On Saturday the news broke that the Carolina Panthers would be moving forward with Ron Rivera as their head coach. It was an announcement met with a mixed reaction. As many who wanted the team to stay on the trend that closed the season, there were a number of fans and analysts who believed change should have occurred. While Rivera and his coordinators maintained the status quo, there were ripples throughout the organization -- and yesterday three position coaches lost their jobs. Was this the case of Ron Rivera evaluating and making changes, or a man on his last rope supporting himself on the backs of fallen comrades?
Nobody inside the organization should have felt safe. Ron Rivera didn't know he would be asked to return, but given the Panthers didn't let position coaches and coordinators know they could apply for other jobs (something that happened in Jacksonville) it seemed more, and more likely Rivera would be back. When Marty Hurney was fired following a 1-5 start, Carolina's head coach spoke candidly about the need for the remaining ten games to be a litmus test on his ability as a head coach, and his position coaches.
Special teams coordinator Brian Murphy didn't get very far, fired two weeks before thanksgiving -- but the rest of Ron Rivera's staff got to finish out the year. A 6-4 run was enough to save most of them, but now running back coach John Settle, linebacker coach Warren Belin, and wide receivers coach Fred Graves are all gone, fired as Rivera's first moves following his return. Former Carolina Panthers' beat writer, now Pro Football Talk columnist Darin Gantt directed some harsh words at Rivera for throwing other under the bus:
Going into his third year with the Panthers, Ron Rivera has a 13-19 record.
His record of offering up those who might not necessarily be the problem is far more impressive. [...] Meanwhile, it appears that Teflon Ron and both his coordinators, Rob Chudzinski and Sean McDermott will return.
Understandably harsh for a lot of the issues that have plagued the organization. It should be noted that had Rivera been fired, and a new coach brought in -- it's unlikely any of the position coaches would have returned in 2013. Such is life for an NFL coach, rarely fair, and too often tied to the successes and failures of those above them.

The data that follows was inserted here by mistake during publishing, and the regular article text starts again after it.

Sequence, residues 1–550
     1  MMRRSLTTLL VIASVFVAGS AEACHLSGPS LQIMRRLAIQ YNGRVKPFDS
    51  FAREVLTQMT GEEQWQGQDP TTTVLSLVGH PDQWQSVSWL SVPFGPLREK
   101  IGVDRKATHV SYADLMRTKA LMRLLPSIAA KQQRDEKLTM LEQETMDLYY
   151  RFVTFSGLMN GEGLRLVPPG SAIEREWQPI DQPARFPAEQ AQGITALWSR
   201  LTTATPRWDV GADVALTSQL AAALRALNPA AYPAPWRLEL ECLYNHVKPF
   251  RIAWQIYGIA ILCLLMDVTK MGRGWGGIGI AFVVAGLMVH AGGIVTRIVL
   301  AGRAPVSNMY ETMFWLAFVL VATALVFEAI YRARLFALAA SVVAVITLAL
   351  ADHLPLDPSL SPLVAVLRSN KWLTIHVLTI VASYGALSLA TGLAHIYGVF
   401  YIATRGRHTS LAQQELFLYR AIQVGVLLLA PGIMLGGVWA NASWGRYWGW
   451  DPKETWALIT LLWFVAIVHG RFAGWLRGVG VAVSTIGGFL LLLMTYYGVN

Were Belin, Settle and Graves true scapegoats though, or under-achieving position coaches subject to Ron Rivera's ten-week evaluation?
Warren Belin inherited an immensely talented group of linebackers, but a unit who were struggling with injuries. Last season was mostly a wash due to the lockout, but in 2012 he had one primary goal: Teaching Luke Kuechly to be a successful outside linebacker. There was moderate success, but he was average at best. His pursuit skills from the outside weren't great, and his play recognition left a lot to be desired. It wasn't until he moved back to familiar waters, returning to middle linebacker that Luke Kuechly showed his dominance again. Was he coached? Obviously. Was he developed? I'm not so sure. Concurrently James Anderson regressed. More tackles were missed, he was too often out of position -- and this was an issue that plagued Anderson for the entire season.
The running backs are a more complex situation, because a lot of the Panthers' running failures rested on bad offensive line play, and poor play calling. However, looking at his history -- John Settle was a bad hire for what the Panthers were trying to do. Coming from a tradition of power, I-Formation running in Wisconsin, it made little sense to inject that running back coach into a team looking to use options, and read options as the base of their running attack. It goes beyond simply being Chud's fault, to being a complete breakdown from top to bottom. Marty Hurney signed two running backs to giant contracts, perfect for a run-first team in Settle's mold, however it flew in the face of Chudzinski's offensive principles, and no OC should change his game plan to accommodate contracts or position coaches. It's not that Settle was a bad coach, just a bad fit.
Finally there's Fred Graves -- wide receiver coach, and former mentor to Steve Smith. The WR coaching position in Carolina over the last decade has been a mess, and asking for Smitty's advice led to the hiring of Graves. Is he a good coach? Yes, and he's shown that over the years. However, this was a move that was made to keep Steve Smith happy, something the organization were willing to do at any cost. Brandon LaFell showed flashes this season, but the lack of development from the back-end receivers remains a huge problem, and so there was room for a change also.
If Ron Rivera is really looking for scapegoats, these are pretty small fries in the grand scheme of things. Teams fire position coaches year-in, year-out -- and it feels if Rivera truly wanted to blame someone else he would have offered up McDermott or Chudzinski; which would have moved the needle more, and done more for public perception. Only the most attentive of fans know who the team's position coaches are, and for this reason I'm inclined to believe it's more retooling, and less scapegoating.